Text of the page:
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    From: Arthur Pearson
    Date: 2003 May 18, 17:29 -0400

    It is most interesting to see the rigor with which you approach these
    observations.  I am inspired to get some additional observations this
    summer and to take a greater number in each series, as well as to take
    series of both increasing and decreasing distances.  Needless to say, I
    will share the results and look forward to seeing what I can learn about
    improved technique.
    -----Original Message-----
    From: Navigation Mailing List
    [mailto:NAVIGATION-L@LISTSERV.WEBKAHUNA.COM] On Behalf Of Fred Hebard
    Sent: Sunday, May 18, 2003 4:45 PM
    Doug Royer was so kind as to post the data for his shipboard lunars of
    last week.  I looked at them, clearing each one and computing the mean
    and standard deviation of the difference in the cleared observed
    distance and the computed distance, as well as the difference between
    the known time and the time determined from the lunar.  Young's method
    for objects of known altitude was used, as outlined by George Huxtable;
    thus I ignored Doug's observations of the altitude of the bodies,
    computing them from his known position.  For comparison, I show the
    same summaries for lunars I have taken on dry land, and two that Arthur
    Pearson's took in the Caribbean aboard a small yacht.  For those who
    have difficulty reading this in a web browser, paste the table into a
    text processor and it should line up properly.
    Doug's observation are about as precise as Arthur's and mine as
    determined by the standard deviation of arc difference.  However, the
    absolute arc difference, and the corresponding time difference, is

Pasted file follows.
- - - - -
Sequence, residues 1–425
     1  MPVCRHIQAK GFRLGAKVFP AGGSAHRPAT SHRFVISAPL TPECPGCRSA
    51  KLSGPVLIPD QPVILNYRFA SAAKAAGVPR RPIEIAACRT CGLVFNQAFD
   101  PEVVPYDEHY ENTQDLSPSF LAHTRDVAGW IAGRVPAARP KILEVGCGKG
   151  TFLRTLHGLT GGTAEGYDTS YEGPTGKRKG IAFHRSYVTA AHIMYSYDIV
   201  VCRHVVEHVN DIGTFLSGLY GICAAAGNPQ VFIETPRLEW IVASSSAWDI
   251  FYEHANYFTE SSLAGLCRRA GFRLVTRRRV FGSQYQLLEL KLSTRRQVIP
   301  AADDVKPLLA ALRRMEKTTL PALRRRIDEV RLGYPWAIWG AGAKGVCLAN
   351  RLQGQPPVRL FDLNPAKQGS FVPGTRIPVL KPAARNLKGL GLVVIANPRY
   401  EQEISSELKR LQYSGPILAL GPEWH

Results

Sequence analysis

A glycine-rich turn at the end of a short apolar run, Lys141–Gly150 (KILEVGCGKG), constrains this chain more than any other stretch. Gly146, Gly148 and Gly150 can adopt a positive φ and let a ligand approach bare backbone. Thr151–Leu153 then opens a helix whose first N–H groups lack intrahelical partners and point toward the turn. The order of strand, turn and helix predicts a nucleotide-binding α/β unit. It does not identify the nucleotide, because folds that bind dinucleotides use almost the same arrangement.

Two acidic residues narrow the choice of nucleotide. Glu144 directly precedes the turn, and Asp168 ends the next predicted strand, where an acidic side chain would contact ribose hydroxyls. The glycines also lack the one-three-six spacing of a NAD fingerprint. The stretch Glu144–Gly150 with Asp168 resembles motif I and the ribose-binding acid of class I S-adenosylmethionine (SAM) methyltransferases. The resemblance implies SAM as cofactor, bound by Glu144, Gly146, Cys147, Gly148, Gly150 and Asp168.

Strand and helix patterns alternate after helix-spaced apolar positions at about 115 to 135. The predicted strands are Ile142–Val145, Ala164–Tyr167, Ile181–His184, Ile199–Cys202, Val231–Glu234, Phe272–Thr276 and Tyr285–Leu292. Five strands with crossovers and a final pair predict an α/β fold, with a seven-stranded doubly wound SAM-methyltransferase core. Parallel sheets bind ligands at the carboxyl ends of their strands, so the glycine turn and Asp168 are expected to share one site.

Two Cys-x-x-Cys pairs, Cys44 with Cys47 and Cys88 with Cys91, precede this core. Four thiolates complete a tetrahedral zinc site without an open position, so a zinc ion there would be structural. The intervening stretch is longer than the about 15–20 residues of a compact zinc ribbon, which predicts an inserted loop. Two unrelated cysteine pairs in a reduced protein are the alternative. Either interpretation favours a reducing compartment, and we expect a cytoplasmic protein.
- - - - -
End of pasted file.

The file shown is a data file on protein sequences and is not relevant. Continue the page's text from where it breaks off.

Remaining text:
quite large, almost 5 minutes of arc.  Interestingly, Doug's arc
    difference goes in opposite directions for the Moon, Jupiter
    observation as compared to the Moon, Spica observation.  This leads to
    very similar time differences for the two observations.  In the Moon,
    Jupiter observation, Doug brought Jupiter to the near side of the Moon,
    but Spica needed to be brought across the face.  One possibility for
    the similarity of this discrepancy is that Doug was not bringing the
    objects all the way to the moon, but, rather, leaving a gap.
    To determine index error, I use the technique outlined by Bruce Stark,
    among others, of measuring the semi-diameter of the sun.  This
    technique might sharpen one's skills for lunars, which are measured in
    a similar fashion.
    I also have taken the liberty of including two graphs of Doug's data.
    I haven't heard any complaints yet about including small binaries like
    this.  I hope they come through.  Please let me know if they cause a
    problem, and of course, with any comments on the analysis.
                                      mean      mean      std dev   mean
    Objects              n  date     given UT  del arc'  del arc'  del time"
    Moon, Jupiter        8  12/27/02  6:36:41  0.884695  0.703781   90.26738
    Moon, Aldebaran      7  1/8/03   23:42:01  0.514089  0.830704  -62.1228
    Moon, Sun            7  1/11/03  20:33:31  1.219828  1.215593  162.5041
    Moon,Sun A. Pearson  7  1/7/03   19:42:07  1.317516  0.404807  169.1811
    Moon,Sun A. Pearson  6  1/10/03  18:37:44  1.457861  0.447954  194.242
    Moon, Jupiter        5  2/12/03   0:37:40 -0.67918   0.271337   77.6666
    Moon, Sun            6  3/9/03   20:40:13  0.981567  1.136952  129.6058
    Moon, Jupiter        5  3/10/03   3:53:50  0.693372  0.617291  -83.1301
    Moon, Sun            5  3/12/03  22:14:17  1.831421  1.846688  225.4475
    Moon, Jupiter        7  4/4/03    1:04:45  4.30333   2.602312 -524.762
    Moon, Sun            5  4/5/03   23:04:23  0.760016  0.32473   100.9633
    Moon, Jupiter        7  4/6/03    0:20:33  0.209499  0.334972  -25.5961
    Moon, Sun            8  4/6/03   18:29:38 -0.03824   0.569998   -5.04673
    Moon, Jup D. Royer   6  5/12/03   3:21:47 -5.04648   1.162142 -513.434
    Moon, Spica D. Royer 6  5/12/03   5:37:32  4.801561  0.662518 -490.445
    Moon, Jupiter, Doug Royer

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